Interview with Ward Thomas, Sentient Science
For our Top 100 Power People 2017 report, A Word About Wind editor Richard Heap spoke exclusively to Ward Thomas, CEO of report sponsor Sentient Science, about big data and key technology trends. Here are some highlights. If you'd like to read the full interview, it's also included in our complimentary ebook, 5 Lessons in the North American Wind Business, downloadable here.
The publication this week of the Top 100 Power People has already provided some great talking points within the industry. As well as being the definitive guide to the most influential people in wind energy, the report provides an overview of the year's most important trends, such as the rapidly-falling costs of offshore wind and the emergence of floating turbine technology. It also contains a series of big interviews. Here are some key take-home points from our conversation with Sentient Science's President and CEO, Ward Thomas:
- Materials science could help make wind 13% cheaper. Thomas outlined how Sentient Science's prognostic models combine data science and materials science to provide accurate predictions of when and where failures will occur within turbines. For example, they are currently providing savings equal to 2% - 3% of revenue by focusing on gearboxes specifically: this represents a fifth of the predicted savings that will come from applying the technology to the complete turbine.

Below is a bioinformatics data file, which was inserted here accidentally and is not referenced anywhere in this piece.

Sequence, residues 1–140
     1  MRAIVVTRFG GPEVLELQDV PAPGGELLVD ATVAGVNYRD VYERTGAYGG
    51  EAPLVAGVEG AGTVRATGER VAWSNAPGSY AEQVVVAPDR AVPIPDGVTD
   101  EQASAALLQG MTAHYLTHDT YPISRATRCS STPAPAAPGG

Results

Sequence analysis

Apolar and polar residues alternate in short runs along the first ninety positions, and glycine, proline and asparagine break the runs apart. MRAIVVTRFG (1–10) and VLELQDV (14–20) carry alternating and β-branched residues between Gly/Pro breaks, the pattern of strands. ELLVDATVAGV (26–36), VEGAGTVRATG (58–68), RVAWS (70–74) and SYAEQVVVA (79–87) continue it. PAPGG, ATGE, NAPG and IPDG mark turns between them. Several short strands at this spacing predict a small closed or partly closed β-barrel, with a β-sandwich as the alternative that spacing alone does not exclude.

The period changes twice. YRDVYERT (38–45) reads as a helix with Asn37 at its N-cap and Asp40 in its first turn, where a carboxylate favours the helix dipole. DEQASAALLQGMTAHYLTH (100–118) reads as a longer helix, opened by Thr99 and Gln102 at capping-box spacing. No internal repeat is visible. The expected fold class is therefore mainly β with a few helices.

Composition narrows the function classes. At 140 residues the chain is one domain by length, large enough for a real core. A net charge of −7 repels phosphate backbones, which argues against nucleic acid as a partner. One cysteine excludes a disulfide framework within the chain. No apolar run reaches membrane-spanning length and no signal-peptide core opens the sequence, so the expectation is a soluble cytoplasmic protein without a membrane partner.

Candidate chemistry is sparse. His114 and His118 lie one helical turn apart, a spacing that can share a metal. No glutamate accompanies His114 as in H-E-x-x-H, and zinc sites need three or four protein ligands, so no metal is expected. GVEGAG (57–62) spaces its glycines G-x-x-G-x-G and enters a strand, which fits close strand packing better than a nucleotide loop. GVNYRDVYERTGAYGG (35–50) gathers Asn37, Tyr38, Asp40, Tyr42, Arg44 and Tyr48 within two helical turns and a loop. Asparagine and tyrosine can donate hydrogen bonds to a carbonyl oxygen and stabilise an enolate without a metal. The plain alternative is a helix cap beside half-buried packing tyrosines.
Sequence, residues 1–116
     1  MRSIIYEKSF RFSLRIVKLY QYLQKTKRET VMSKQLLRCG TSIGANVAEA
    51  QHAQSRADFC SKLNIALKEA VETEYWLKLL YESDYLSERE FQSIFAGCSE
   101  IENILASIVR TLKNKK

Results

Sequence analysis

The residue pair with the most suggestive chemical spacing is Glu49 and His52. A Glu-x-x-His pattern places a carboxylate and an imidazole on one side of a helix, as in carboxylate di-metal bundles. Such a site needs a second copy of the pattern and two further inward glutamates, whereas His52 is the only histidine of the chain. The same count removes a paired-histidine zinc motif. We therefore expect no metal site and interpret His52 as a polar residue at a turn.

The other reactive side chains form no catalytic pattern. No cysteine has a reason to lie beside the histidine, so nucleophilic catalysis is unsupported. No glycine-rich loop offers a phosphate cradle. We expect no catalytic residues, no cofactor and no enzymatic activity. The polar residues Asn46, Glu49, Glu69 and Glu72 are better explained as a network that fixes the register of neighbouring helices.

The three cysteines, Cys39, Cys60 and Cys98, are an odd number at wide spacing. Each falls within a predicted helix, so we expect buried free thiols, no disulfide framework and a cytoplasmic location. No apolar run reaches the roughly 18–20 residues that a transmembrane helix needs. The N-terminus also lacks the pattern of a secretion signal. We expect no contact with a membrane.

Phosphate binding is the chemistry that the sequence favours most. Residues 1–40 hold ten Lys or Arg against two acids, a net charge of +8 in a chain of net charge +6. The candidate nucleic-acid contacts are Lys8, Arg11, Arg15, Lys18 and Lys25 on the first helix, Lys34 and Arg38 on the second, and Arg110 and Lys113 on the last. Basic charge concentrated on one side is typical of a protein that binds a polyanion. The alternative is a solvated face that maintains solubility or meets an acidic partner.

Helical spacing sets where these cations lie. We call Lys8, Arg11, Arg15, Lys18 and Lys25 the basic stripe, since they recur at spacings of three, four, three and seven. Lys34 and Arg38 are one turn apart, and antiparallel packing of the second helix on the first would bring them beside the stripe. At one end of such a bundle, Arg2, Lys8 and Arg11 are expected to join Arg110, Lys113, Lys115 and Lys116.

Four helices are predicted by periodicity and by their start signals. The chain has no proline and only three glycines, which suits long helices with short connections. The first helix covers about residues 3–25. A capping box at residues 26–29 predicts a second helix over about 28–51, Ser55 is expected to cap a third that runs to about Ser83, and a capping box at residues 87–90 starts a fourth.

- Wind is the ideal starting point for commercialising this technology. This is the first commercial application of technology originally developed in the aerospace sector, whilst Sentient Science worked with the U.S. Department of Defense. Wind represented an an exciting opportunity to apply its approach to live machines. "Once we got into wind, we fell in love with it. To lower the cost of energy so our children can breathe clean air, and to make it equal to fossil fuels. We're very proud to be doing our bit," said Thomas.
- President Trump may have had an unexpectedly positive effect on wind energy. Despite Donald Trump's well-known scepticism towards renewables, the US wind sector has gone from strength to strength this year. Thomas said Trump's unwillingness to harm the wind sector may be an acknowledgement of the need for competitively-priced renewables: "He knows we need to produce a whole bunch of electricity for manufacturing to come back to the United States," he said.
If you would like to read the complete interview, members can read the full report here. Not yet a member? You can look at membership options here, or sign up for a free trial of our newsletter in order to be in with a chance of receiving one of 15 complimentary copies.